Tokyo and Washington concluded preparatory negotiations Friday over Japan’s entry into the Trans-Pacific Partnership talks, signing a joint statement that allows the U.S. to maintain tariffs on Japanese autos for the time being.

Currently, the United States imposes a 25 percent levy on imported trucks from Japan and a 2.5 percent charge on cars. The two sides agreed that the tariffs will be maintained for the longest period of time permissible under the TPP framework, and this condition should be effectively better than that allowed under the free-trade agreement between the United States and South Korea, according to the joint statement.

In parallel with the TPP talks, Japan and the United States will also launch bilateral talks to lower nontariff barriers between the two countries in such areas as insurance, investment, intellectual property rights, government procurements, food safety, and animal and plant health standards, the statement also said.

Friday’s agreement clears a major obstacle for Japan’s accession to the multilateral trade liberalization talks, as Tokyo requires the approval of all 11 TPP member countries, including the United States, to take part.

The Obama administration is expected to soon notify Congress of its decision to permit Japan’s entry into the TPP talks, which in principle aim to abolish all tariffs among member states.

It will take 90 days for Congress to make a decision about whether to approve the move, meaning Prime Minister Shinzo Abe’s government won’t be able to participate in the free-trade discussions until July at the earliest.

“I believe the national interests of Japan have been firmly protected with this agreement,” Abe told reporters after a Cabinet meeting to approve the Japan-U.S. deal. “By participating in the negotiations, we’d like to play a leading role in the TPP (discussions).”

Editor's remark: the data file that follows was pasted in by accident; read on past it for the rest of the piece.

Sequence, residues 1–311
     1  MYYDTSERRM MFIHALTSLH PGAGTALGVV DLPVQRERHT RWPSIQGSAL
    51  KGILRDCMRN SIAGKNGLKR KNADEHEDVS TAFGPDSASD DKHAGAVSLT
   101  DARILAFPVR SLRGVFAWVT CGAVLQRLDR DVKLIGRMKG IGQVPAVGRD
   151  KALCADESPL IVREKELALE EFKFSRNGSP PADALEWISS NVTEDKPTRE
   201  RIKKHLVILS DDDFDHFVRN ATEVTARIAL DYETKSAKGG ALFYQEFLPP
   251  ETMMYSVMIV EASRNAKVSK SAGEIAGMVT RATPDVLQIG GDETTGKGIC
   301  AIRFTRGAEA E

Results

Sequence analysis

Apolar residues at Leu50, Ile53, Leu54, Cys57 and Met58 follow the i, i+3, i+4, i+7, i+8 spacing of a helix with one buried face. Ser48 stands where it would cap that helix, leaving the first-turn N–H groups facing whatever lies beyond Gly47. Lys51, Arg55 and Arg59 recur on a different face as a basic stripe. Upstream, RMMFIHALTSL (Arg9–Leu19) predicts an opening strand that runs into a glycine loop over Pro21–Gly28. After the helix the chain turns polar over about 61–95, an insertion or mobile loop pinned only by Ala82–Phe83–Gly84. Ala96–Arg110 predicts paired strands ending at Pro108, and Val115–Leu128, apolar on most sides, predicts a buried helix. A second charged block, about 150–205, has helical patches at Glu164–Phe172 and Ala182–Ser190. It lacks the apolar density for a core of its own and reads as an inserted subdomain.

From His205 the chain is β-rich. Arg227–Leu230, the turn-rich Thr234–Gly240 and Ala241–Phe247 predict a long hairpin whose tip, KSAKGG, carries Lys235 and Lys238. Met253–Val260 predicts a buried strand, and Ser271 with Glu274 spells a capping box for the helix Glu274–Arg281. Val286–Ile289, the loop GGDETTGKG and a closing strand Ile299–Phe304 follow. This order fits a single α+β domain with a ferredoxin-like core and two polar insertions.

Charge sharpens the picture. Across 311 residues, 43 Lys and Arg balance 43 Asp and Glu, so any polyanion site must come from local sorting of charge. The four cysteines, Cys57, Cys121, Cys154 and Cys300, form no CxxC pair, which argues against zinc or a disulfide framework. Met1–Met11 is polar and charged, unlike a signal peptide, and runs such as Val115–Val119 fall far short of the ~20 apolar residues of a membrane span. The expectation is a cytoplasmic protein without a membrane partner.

At the outset of the Cabinet meeting, Abe also said Japan’s participation in the trade talks will help strengthen its ties with democratic countries in the free-market system, most notably the U.S., and thereby well serve Japan’s national interests, including security. “I believe this will have big implications for national security,” he said.

But Japan is expected to pay dearly to win U.S. approval to join the TPP process, swallowing many of America’s demands during the negotiations. Unlike the protections for the U.S. auto industry, no specific steps for protecting Japan’s agriculture sector were included in the joint statement.

Separate from the agreement, Tokyo also pledged to level the playing field for U.S. insurance companies so they can compete against rival “kampo” life insurance products offered by the government-backed Japan Post Insurance Co.

Earlier Friday, Deputy Prime Minister and Finance Minister Taro Aso told a news conference that the government will not approve any new kampo products for at least several years to ensure that “fair competition conditions” are achieved. The announcement was seen as a concession to U.S. demands in preparatory talks about Japan’s entry to the TPP talks, although Aso denied any linkage.

Protecting the American automobile industry and helping U.S. insurers expand their business in Japan have been among Washington’s main concerns regarding Japan’s participation.

After Abe and U.S. President Barack Obama met in Washington in February, the two leaders released a joint statement saying “certain manufactured products” are “trade sensitivities” for the U.S.

Abe’s administration, meanwhile, is frantically trying to protect the domestic farm sector, particularly rice, dairy, sugar, wheat, beef and pork products. Friday’s agreement recognized that agricultural products are especially sensitive for Japan.

Earlier in the day, the transport ministry said it will expand the auto import quota to 5,000 units per model a year from 2,000 under simplified procedures.

Of the 11 TPP member countries, Canada, Australia, New Zealand and Peru have yet to approve Japan’s participation in the talks, but government officials in Tokyo said they expect the four countries to soon give the green light.

Vietnam, Malaysia, Brunei, Singapore, Chile and Mexico have already declared their intention to accept Japan into the negotiations. The member nations aim to hammer out the final framework of the TPP and ink an agreement by the end of the year, leaving Abe’s government just a few months to fight Japan’s corner and defend its national interests. With time rapidly running out, Abe on March 15 announced Japan’s intention to join the negotiations and to begin lobbying the 11 members for their approval.

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